Tracy & Hobbs were invited to speak at Silent Signal Symposium, Derby University which explored collaboration between artists and scientist. Silent Signal is a project which enabled 6 artists working with animation to work with bio medical scientists, and their animations are now being exhibited at Quad, derby.
We spoke about our ongoing collaboration with Prof. Malcolm Burrows and our project WaterFolk.
It was inspiring to hear about different approaches to collaborating and an over view of work in this field in the UK, and to meet a bunch of interesting people all working away on a host of different projects.
We are currently working on a series of 1 minute films on some local beasts such as amazing Froghoppers.
Our fantastic group of children at Nelson Primary School in Whitton received their Arts Award certificates this week. Everyone was very excited and proud to get their hands on their certificates as they are a real achievement and no mean feat!
Arts Award is an accredited course which is an Entry Level 3 qualification on the Qualifications and Credit Framework (QCF). Anyone aged up to 25 can take part in Arts Award and they are a great way of exploring the arts and gaining skills.
The Arts Award moderators said the work made by the children was “innovative and wonderful” and we think so too.
Brilliant Rubber stamps carved by two loyal visitors to the press.
We had a productive day in the library on Friday, we did some coptic binding in the morning, and Emily and I made small editions of a Whitton colouring book (book of the day!) and Whitton linocuts, which was an assembly of all the prints made last week. In the afternoon we made thaumotropes with the small after school library users, many of whom have visited us a few times.
This week Chocolate Films will be joining us to make a short documentary about the project. They made a film about our project Water Folk, called Water Folk – The Documentary, which is very useful. Sometimes the projects are busy and it’s difficult for us to stop and record what we’re doing and what people think.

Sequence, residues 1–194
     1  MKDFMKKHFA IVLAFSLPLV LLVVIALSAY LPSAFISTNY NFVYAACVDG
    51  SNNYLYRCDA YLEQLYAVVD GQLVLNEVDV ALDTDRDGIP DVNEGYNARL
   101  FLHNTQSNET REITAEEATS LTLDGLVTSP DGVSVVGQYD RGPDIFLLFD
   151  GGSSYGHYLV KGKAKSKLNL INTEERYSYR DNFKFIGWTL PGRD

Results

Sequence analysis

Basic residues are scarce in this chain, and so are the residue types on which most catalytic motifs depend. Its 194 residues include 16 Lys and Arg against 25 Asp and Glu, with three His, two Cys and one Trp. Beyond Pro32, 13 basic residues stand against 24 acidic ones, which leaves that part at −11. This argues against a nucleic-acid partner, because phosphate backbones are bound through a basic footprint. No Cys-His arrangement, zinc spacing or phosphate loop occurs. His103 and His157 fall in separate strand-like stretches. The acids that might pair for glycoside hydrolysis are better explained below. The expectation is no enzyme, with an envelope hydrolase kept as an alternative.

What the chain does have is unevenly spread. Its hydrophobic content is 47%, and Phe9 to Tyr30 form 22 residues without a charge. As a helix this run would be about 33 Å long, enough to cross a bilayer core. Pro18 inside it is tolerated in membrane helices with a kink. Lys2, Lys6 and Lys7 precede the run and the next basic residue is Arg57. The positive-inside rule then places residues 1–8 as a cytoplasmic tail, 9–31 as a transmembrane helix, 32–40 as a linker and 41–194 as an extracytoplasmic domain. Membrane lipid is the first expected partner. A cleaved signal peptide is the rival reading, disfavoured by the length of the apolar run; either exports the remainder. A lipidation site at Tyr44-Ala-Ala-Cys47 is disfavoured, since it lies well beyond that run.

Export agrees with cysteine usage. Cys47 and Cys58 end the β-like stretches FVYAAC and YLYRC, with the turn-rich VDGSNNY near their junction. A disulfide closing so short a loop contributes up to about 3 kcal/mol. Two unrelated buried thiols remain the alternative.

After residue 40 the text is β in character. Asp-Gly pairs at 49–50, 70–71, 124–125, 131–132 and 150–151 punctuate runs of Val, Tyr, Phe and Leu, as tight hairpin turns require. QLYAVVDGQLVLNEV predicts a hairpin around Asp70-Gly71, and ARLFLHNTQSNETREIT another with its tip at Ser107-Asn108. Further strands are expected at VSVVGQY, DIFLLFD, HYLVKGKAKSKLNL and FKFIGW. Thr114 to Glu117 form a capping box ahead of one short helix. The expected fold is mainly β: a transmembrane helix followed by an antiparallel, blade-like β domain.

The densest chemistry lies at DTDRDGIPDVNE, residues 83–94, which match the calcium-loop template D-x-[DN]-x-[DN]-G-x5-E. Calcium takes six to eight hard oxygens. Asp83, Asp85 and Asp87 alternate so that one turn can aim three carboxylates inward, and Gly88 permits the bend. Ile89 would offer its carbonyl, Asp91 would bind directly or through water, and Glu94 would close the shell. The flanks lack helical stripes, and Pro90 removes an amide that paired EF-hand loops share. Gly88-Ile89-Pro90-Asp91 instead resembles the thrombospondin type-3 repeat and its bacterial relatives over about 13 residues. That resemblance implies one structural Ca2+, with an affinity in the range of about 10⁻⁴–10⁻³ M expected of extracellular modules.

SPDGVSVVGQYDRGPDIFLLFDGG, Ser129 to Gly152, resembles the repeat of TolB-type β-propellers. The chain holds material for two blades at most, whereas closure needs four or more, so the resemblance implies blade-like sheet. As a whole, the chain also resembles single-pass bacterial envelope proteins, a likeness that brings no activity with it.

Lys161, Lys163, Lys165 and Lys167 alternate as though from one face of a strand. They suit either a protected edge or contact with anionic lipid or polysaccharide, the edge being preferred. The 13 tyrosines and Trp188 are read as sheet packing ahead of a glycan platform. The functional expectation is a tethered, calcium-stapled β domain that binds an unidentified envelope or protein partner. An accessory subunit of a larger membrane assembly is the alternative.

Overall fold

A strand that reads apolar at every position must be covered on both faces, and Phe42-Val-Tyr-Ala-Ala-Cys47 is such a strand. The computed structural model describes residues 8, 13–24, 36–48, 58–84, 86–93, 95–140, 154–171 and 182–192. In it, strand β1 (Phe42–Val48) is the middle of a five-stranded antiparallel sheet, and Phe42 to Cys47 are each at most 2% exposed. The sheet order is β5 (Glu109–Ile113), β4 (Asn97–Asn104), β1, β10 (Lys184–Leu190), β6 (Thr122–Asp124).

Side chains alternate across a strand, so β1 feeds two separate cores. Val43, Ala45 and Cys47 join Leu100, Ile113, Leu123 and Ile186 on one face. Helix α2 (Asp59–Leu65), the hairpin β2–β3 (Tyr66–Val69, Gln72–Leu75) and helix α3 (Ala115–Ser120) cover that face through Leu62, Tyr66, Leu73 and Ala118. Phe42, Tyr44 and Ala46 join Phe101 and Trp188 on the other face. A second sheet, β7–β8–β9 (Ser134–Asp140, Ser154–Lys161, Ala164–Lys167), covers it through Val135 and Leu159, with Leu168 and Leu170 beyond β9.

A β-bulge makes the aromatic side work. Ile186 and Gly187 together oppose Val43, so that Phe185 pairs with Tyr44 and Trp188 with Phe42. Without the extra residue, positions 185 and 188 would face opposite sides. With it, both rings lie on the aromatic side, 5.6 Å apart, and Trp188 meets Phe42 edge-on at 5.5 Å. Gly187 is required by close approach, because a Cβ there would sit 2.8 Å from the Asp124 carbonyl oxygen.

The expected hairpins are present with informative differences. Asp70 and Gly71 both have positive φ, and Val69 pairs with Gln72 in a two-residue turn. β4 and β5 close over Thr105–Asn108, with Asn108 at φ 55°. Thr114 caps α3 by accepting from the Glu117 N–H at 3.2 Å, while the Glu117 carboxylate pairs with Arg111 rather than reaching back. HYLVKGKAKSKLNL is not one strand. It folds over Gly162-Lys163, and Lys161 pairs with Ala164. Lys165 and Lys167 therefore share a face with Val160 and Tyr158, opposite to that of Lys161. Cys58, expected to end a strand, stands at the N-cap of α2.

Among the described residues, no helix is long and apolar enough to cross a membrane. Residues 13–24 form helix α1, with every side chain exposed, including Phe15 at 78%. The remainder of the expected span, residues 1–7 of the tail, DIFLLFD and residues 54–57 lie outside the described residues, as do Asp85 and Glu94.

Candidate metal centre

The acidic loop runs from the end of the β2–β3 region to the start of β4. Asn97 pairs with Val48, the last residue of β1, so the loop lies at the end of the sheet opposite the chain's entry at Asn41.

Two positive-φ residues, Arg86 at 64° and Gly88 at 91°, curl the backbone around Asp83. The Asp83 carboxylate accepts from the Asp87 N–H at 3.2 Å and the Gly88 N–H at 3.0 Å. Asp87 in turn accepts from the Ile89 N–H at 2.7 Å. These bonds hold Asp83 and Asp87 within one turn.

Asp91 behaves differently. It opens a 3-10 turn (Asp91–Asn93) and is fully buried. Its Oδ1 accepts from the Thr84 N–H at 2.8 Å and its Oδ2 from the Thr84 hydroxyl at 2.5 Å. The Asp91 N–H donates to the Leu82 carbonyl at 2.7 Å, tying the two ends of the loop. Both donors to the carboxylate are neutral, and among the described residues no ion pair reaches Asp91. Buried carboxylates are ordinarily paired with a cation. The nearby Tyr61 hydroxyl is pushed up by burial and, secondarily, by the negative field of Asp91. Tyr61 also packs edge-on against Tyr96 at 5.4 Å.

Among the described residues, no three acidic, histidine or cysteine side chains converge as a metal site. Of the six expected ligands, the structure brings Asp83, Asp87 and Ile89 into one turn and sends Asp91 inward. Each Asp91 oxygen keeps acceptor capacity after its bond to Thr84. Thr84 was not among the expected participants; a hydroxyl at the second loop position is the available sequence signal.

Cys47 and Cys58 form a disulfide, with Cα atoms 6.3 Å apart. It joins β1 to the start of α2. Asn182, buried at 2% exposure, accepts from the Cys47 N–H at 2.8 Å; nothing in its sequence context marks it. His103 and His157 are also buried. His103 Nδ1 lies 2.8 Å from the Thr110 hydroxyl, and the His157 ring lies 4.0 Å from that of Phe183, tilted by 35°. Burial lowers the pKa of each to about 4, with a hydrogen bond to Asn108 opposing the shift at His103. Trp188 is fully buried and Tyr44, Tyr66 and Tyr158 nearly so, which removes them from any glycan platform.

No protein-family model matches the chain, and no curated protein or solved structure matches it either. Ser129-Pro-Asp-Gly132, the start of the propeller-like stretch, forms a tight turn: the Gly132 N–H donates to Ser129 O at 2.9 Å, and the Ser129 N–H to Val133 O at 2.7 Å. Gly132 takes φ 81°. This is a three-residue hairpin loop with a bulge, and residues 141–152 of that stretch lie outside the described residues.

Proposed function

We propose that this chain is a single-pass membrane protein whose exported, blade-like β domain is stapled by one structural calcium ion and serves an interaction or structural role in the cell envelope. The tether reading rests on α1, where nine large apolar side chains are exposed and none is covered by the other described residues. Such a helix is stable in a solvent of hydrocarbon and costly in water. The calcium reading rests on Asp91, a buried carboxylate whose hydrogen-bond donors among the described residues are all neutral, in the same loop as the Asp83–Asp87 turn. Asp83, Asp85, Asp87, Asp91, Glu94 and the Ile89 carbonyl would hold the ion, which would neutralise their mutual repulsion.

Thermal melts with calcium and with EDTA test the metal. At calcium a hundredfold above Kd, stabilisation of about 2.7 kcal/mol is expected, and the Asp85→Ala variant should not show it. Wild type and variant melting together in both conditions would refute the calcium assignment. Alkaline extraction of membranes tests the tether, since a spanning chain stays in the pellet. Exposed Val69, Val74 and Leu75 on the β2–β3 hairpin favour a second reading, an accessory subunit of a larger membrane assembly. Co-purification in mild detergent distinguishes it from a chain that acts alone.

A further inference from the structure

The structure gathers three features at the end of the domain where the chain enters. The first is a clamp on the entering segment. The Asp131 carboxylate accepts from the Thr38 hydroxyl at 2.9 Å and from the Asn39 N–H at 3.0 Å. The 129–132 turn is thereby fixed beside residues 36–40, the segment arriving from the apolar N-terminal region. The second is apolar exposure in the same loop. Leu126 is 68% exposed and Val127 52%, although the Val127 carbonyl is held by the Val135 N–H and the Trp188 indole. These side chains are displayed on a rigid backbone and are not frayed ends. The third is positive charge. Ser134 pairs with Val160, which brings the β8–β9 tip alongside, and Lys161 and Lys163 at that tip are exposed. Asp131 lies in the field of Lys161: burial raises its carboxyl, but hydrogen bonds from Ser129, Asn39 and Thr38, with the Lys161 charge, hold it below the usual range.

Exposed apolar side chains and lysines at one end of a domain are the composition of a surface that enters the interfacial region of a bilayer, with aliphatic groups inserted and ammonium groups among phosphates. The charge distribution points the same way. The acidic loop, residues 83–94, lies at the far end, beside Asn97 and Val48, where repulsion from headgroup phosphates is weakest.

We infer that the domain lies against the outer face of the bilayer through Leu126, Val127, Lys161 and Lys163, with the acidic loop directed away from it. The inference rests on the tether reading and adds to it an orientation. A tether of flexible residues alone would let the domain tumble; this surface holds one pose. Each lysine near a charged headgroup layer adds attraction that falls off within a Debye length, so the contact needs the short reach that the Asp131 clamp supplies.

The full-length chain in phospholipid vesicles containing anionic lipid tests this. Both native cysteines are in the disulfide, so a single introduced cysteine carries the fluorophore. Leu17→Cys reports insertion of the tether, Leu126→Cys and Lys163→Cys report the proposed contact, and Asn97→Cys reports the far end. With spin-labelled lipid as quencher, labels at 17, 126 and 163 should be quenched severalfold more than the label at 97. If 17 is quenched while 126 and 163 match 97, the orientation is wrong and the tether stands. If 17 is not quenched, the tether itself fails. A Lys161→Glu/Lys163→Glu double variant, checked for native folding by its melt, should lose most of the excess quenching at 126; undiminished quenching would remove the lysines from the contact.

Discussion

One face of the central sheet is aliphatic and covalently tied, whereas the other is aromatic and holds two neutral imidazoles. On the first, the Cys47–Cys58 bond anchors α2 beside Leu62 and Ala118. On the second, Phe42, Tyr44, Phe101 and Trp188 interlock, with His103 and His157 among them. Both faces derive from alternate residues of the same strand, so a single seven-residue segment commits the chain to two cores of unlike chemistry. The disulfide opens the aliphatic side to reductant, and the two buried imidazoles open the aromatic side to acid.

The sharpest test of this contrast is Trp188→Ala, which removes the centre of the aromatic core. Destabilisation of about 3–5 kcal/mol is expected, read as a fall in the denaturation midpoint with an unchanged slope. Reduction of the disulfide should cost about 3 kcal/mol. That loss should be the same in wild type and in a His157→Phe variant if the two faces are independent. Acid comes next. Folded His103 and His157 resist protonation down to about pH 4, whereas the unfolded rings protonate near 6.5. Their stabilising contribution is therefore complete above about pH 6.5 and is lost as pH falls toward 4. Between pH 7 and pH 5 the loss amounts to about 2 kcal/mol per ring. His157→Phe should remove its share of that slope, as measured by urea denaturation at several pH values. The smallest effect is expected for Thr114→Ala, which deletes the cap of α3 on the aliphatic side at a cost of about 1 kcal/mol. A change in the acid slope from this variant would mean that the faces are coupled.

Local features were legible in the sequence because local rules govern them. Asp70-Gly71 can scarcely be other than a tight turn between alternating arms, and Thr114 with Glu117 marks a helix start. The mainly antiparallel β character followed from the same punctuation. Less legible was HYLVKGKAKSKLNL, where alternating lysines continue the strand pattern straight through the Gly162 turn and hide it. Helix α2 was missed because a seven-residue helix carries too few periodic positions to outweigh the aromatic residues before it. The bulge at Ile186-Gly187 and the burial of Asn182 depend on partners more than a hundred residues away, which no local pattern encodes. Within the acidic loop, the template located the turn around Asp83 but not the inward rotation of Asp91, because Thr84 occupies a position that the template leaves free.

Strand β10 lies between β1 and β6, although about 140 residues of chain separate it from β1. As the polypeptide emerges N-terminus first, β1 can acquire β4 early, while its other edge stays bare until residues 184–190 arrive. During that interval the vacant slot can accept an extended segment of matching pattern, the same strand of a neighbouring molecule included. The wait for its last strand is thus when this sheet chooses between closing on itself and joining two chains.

Yesterday visitors to Whitton Small Press made some beautiful linocuts based on an old map of Whitton. For most participants, many of whom are local artists, this was their first experiments with the medium, which makes the results of the two hour workshop even more extraordinary. Emily and I plan to make one of their edition into a little book.
After school, we had 28 smaller visitors who made portraits of Sir John Suckling out of rubber stamps. Suckling was a well known 17th Century Poet who lived in Whitton.
Today Lizzy shared her Coptic stitch skills and we made some bound books with patterned and blank pages to fill. It was great to welcome our first participants from Whitton in our morning sessions which will be taking place every Wednesday and Friday mornings in November.
We started our first exploration of the giant Praxinoscope and got to grips with the photocopier and its uses within the rich and calm environment that is Whitton Library. Roll on next Wednesday when we will be getting out the lino printing supplies to make printed pages and covers for our books.
Emily and I have tidied the cupboard at the back of the library and installed ourselves into it, we come out on Wednesdays and Fridays for the whole of November and recieve visitors, to make badges, books and yesterday we had tea and biscuits too.
We celebrated the end of the arts award project with Nelson Primary School by showing off all the lovely books that the group had made, and we projected the ABC film of their flip books in the cupboard. If you didn’t make it, don’t worry, their books will be on display in the cupboard all of November, and the film is here on Vimeo.